All liberal democracies value the lives of their citizens, but in Israel – a country with a shrinking population of Holocaust survivors, founded following the extermination of European Jewry – preserving life has an almost hysterical quality. at all levels of state and society. This translates into a very good healthcare system made up of competing nonprofit insurance organizations called HMOs and institutional psychology that favors quick action over bureaucracy when life is on the line.
Israel’s panache in fighting viruses is also rooted in its problem-solving culture. The country has evolved to depend on ingenious local systems in part because it has to, given its geographic location and arid climate, and in part because Israelis seem to like making things up.
Chronic water scarcity is one example of how Israel takes lemons and makes tangy lemonade. First, Israel invented drip irrigation, now used around the world, for agriculture with a reduced water supply.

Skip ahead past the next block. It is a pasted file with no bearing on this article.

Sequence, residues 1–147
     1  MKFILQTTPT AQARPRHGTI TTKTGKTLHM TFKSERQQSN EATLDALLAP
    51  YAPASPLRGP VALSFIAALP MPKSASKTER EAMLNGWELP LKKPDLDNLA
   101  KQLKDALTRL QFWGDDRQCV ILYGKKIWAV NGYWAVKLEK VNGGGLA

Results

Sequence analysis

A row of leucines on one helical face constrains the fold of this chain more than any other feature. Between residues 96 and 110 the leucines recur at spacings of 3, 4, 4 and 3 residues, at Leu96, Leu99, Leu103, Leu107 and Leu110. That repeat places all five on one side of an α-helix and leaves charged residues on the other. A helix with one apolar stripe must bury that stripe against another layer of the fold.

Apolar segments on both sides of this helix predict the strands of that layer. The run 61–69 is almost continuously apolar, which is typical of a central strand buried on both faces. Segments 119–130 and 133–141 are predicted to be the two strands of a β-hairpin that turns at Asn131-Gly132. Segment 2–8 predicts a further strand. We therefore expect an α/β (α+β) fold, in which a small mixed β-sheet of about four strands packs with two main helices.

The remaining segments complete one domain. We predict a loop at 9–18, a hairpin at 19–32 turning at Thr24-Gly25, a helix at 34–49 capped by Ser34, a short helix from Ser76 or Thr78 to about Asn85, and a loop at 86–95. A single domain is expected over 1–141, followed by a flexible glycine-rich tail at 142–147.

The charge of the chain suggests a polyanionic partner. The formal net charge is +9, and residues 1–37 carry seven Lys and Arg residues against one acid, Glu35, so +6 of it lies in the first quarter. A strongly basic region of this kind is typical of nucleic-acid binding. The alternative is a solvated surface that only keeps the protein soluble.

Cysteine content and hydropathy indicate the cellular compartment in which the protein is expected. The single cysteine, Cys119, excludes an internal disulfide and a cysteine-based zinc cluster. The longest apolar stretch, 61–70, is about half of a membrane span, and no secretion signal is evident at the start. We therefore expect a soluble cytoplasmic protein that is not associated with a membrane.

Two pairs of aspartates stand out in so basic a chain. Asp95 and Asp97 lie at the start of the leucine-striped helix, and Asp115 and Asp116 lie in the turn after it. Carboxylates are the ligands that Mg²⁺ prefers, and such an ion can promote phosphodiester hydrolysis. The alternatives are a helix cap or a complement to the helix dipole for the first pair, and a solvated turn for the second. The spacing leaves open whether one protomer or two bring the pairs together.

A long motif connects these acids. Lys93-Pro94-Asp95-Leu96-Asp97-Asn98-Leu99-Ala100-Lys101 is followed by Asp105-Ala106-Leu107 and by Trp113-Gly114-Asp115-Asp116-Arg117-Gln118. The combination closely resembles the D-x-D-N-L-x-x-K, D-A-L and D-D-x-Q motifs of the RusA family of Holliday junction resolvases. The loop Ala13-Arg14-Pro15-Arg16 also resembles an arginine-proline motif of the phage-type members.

Then, faced with its worst drought in 100 years, Israel managed to operate seawater desalination plants efficiently enough to supply 80% of the country’s water supply. The country now has a surplus of water.
The list of resolved issues is long, from plastics to drugs.
Isn’t that obvious? Instead of denigrating Israel, we should learn from it. The more we emulate Israel as vaccine collection resumes, the sooner life will return to normal.
You can read Zoe Strimpel’s column every Sunday from 9am on telegraph.co.uk